Trying to find the right diet program that achieves fat loss, while promoting muscle gain can be a challenge, given the array of diets and programs available. Many diets advocate restricting or avoiding specific nutrient groups. Most of these claims lack scientific evidence and may lead to nutritional deficiencies in the long term.
An ideal and safe diet program is one that aims to preserve overall health and is flexible and sustainable. Current data lends strongest support to balanced diets that provide the recommended amounts of all nutrients, without excluding any food group.
The Right Proportion of Nutrients
Weight loss is all about balancing calorie input and output. To lose 1 pound of weight in a week, you would need to burn 3,500 calories, which means 500 calories a day. While creating the calorie deficit, it is important to keep the proportion of nutrients right. The Institute of Medicine recommends that adults should get 45 percent to 65 percent of their calories from carbohydrates, 20 percent to 35 percent from fat and 10 percent to 35 percent from protein.
To lose fat in the body, it is not necessary to cut out fats altogether from the diet. Including healthy fats such as rice bran oil, olive, canola or mustard oils are a must to ensure overall health. Fats are a must to facilitate absorption of fat soluble vitamins such as A, D, E and K and antioxidants such as lycopene. Saturated fats (found in animal foods) and Trans fats (found in all junk and street foods, including packaged foods) need to be eliminated from the diet.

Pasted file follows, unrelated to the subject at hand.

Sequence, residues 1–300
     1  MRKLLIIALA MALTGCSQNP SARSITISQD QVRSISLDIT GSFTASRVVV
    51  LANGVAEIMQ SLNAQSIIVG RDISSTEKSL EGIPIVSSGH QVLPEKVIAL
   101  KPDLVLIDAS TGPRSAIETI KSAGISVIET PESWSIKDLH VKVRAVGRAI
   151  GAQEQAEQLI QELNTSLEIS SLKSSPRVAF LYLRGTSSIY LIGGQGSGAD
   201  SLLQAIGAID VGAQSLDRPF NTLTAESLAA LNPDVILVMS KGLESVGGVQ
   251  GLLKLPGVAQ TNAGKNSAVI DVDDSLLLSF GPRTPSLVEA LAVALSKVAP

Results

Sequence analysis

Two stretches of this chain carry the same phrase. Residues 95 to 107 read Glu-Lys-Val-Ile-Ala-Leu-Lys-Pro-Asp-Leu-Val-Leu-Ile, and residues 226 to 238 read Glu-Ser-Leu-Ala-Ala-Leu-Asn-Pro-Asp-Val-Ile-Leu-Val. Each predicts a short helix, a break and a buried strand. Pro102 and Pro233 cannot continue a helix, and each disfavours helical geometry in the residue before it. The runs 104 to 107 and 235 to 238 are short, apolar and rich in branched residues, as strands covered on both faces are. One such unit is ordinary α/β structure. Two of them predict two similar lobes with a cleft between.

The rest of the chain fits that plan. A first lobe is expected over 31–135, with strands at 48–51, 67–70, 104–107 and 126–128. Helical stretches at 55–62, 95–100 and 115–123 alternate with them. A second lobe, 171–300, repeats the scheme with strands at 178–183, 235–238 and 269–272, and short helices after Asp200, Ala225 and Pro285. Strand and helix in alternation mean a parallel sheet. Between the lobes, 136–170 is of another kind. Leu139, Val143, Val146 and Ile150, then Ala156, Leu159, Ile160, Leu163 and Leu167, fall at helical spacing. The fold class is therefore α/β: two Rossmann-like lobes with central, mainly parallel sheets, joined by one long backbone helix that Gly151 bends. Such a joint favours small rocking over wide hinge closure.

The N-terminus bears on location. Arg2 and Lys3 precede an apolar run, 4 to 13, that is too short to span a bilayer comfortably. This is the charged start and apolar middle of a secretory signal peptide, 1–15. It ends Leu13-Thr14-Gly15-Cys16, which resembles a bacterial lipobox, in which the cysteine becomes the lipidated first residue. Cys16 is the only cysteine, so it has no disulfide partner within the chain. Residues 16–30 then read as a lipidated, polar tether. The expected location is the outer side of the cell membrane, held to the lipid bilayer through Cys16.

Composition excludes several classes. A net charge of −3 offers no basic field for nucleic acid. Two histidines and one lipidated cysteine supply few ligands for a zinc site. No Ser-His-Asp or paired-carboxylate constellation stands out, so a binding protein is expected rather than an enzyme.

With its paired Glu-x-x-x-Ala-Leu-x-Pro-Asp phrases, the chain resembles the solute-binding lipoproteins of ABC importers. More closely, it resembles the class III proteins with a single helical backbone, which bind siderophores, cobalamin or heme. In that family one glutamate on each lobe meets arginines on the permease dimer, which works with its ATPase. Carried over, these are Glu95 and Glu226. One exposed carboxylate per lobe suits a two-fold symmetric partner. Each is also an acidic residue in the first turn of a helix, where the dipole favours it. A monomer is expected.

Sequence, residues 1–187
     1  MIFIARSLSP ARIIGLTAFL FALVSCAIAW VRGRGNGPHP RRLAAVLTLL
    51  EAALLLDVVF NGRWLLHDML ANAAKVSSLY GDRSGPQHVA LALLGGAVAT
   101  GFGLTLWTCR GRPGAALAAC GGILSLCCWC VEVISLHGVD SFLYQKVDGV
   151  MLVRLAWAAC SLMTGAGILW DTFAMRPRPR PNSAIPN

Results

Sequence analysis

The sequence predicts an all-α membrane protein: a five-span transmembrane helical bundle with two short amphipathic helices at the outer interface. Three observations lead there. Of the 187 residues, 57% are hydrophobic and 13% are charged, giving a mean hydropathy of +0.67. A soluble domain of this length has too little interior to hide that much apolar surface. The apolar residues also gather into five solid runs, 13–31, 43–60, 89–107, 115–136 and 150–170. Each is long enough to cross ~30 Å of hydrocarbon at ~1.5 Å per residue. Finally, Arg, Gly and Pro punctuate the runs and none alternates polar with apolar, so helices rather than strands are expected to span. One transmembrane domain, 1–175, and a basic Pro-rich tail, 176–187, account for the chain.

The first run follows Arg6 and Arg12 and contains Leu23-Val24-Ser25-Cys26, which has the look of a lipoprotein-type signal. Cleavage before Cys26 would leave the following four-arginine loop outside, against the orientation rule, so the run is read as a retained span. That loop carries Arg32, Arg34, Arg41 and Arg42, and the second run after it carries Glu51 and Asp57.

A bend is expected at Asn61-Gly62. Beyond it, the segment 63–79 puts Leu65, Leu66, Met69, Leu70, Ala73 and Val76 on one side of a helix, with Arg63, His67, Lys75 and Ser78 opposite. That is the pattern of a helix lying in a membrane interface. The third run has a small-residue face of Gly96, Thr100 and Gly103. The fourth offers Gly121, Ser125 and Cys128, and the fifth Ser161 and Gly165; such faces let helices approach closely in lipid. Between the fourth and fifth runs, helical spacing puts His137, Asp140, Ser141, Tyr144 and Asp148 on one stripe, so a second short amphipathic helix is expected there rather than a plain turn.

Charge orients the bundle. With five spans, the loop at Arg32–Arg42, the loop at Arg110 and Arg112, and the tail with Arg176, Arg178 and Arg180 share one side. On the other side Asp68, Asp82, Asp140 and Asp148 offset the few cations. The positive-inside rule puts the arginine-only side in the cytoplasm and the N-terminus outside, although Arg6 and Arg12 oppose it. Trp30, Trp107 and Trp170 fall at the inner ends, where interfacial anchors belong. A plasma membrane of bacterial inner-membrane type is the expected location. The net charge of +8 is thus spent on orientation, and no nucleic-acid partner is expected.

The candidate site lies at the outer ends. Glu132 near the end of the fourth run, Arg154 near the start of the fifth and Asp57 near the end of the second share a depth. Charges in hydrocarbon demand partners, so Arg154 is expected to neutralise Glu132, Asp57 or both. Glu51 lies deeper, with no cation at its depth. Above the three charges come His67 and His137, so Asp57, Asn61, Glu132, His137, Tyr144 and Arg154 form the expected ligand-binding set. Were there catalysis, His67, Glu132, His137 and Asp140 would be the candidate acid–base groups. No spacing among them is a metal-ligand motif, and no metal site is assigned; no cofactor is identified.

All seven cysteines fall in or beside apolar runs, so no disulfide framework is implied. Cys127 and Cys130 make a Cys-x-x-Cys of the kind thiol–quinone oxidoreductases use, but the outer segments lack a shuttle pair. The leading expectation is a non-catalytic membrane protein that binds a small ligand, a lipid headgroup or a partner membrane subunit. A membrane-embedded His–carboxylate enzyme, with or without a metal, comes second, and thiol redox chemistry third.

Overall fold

Pump Up the Proteins
Proteins are not only essential for growth and repair of body cells but also for building muscle. Muscle mass boosts the basal metabolic rate — the rate at which your body burns calories when at rest — and further aids in weight loss. The recommended dietary allowance for both men and women in the ideal body-mass-index range is 0.8 gram of good-quality protein per kilogram of body weight daily. Lean proteins such as non-fat milk, egg whites, chicken, fish or cooked lentils provide good-quality proteins while supplying fewer calories than higher-fat versions.
Add Up the Vitamins
Vitamins help digest the carbohydrates and also play many other important roles in overall health. While losing weight or body fat, it is very important to not end up with vitamin deficiencies. The B complex vitamins are available from whole-grain cereals and lean meats, while fresh fruits and vegetables are rich sources of most other vitamins, such as vitamins C and A. Because cooking destroys most water-soluble vitamins, they are best eaten raw. Factor in at least two to three servings of vegetables and 2 1/2 to three servings of fruit each day for adults to meet the requirements.
Plan Your Healthy Plate
For a nutritionally balanced diet, control the portion sizes. Visual cues can help in controlling portions. A smart and easy way to build a healthy plate is provided by the USDA’s My Plate. It depicts a plate and glass divided into five food groups — grains and vegetables occupy 30 percent each of the plate, while fruits and proteins cover 20 percent each. Adding a low-fat dairy such as skim milk or yogurt to the plate would complete the nutrition checklist.
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